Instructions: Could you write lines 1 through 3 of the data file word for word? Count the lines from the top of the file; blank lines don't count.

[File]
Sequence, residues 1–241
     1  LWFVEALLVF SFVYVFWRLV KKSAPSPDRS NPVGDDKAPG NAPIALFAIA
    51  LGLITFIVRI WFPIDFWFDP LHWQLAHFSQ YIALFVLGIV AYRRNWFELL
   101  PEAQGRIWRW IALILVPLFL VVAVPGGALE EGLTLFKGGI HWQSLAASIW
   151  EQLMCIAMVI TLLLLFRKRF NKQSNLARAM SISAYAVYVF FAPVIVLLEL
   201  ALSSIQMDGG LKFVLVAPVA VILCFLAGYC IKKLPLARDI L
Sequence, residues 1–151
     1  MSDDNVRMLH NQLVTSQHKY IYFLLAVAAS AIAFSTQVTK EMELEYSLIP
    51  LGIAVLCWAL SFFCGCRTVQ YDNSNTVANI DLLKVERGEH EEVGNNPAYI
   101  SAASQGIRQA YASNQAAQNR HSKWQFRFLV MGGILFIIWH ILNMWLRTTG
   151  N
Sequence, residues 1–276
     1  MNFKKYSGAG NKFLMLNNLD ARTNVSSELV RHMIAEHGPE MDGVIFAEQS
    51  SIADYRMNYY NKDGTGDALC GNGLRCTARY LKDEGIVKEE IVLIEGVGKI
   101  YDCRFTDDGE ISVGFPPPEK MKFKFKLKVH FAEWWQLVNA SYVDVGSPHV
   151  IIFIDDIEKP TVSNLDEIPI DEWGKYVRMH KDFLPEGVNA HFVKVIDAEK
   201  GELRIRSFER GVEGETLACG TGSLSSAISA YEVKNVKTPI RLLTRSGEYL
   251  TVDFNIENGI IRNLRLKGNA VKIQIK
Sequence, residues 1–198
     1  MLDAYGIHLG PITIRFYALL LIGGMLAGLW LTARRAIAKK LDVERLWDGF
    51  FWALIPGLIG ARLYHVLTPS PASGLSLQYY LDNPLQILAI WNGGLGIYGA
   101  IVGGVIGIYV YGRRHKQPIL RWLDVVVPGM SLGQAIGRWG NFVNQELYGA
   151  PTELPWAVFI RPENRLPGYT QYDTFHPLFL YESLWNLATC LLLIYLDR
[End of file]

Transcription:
Sequence, residues 1–241
     1  LWFVEALLVF SFVYVFWRLV KKSAPSPDRS NPVGDDKAPG NAPIALFAIA
    51  LGLITFIVRI WFPIDFWFDP LHWQLAHFSQ YIALFVLGIV AYRRNWFELL